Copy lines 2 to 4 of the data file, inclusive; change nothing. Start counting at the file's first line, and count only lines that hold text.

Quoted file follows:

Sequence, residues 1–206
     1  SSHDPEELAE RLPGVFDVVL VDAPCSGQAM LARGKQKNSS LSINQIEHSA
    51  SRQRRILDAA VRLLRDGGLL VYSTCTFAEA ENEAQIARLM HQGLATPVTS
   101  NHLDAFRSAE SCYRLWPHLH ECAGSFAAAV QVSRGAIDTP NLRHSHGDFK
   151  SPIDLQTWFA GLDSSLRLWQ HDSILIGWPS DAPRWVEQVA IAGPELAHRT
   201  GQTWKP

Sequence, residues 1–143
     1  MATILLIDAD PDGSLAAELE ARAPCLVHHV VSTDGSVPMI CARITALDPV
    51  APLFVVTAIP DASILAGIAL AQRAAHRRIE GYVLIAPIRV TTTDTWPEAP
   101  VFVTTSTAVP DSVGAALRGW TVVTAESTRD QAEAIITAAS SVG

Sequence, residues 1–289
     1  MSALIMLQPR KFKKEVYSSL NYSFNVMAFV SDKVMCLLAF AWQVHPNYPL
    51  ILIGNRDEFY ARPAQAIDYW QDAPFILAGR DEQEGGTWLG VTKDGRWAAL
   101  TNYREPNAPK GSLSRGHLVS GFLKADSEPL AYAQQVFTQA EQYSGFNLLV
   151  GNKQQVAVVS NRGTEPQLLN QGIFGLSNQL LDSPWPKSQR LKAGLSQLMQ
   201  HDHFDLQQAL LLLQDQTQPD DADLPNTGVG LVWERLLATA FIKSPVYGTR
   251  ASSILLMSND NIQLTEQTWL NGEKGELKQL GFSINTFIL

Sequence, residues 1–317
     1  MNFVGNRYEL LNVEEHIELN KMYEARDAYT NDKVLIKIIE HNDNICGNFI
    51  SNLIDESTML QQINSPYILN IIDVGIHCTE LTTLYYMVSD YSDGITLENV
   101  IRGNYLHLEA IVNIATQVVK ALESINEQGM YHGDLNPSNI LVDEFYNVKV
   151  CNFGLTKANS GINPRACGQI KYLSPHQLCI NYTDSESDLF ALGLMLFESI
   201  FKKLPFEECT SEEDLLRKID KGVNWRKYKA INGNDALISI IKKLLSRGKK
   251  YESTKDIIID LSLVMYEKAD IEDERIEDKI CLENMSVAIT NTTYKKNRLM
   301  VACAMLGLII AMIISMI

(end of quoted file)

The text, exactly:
     1  SSHDPEELAE RLPGVFDVVL VDAPCSGQAM LARGKQKNSS LSINQIEHSA
    51  SRQRRILDAA VRLLRDGGLL VYSTCTFAEA ENEAQIARLM HQGLATPVTS
   101  NHLDAFRSAE SCYRLWPHLH ECAGSFAAAV QVSRGAIDTP NLRHSHGDFK